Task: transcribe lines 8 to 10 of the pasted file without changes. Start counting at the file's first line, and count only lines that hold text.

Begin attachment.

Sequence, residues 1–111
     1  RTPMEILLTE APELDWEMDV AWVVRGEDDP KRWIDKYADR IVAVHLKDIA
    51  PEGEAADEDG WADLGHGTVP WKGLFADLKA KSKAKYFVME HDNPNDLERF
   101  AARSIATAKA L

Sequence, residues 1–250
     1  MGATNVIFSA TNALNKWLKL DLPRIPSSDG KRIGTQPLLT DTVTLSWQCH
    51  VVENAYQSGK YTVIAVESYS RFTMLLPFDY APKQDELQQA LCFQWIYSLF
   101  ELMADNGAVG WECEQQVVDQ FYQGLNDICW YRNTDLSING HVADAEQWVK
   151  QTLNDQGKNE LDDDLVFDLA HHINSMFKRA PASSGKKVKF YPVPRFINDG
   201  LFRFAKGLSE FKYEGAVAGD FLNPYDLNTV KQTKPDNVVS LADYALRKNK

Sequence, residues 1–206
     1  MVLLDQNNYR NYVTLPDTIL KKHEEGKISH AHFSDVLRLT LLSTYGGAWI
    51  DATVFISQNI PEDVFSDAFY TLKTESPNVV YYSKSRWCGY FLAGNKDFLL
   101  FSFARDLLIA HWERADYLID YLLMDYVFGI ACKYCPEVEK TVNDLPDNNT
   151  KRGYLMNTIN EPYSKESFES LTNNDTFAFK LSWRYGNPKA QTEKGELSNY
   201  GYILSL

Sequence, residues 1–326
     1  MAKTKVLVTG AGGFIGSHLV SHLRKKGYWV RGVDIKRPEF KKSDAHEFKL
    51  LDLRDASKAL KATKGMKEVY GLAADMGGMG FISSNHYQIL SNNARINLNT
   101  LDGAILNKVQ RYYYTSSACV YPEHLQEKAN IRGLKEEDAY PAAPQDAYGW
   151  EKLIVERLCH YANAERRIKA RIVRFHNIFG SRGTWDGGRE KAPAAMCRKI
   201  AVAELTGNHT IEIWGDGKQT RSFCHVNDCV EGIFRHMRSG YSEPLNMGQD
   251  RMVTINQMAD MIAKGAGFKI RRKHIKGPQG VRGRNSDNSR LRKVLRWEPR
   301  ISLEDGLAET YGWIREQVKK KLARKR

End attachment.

   101  ELMADNGAVG WECEQQVVDQ FYQGLNDICW YRNTDLSING HVADAEQWVK
   151  QTLNDQGKNE LDDDLVFDLA HHINSMFKRA PASSGKKVKF YPVPRFINDG
   201  LFRFAKGLSE FKYEGAVAGD FLNPYDLNTV KQTKPDNVVS LADYALRKNK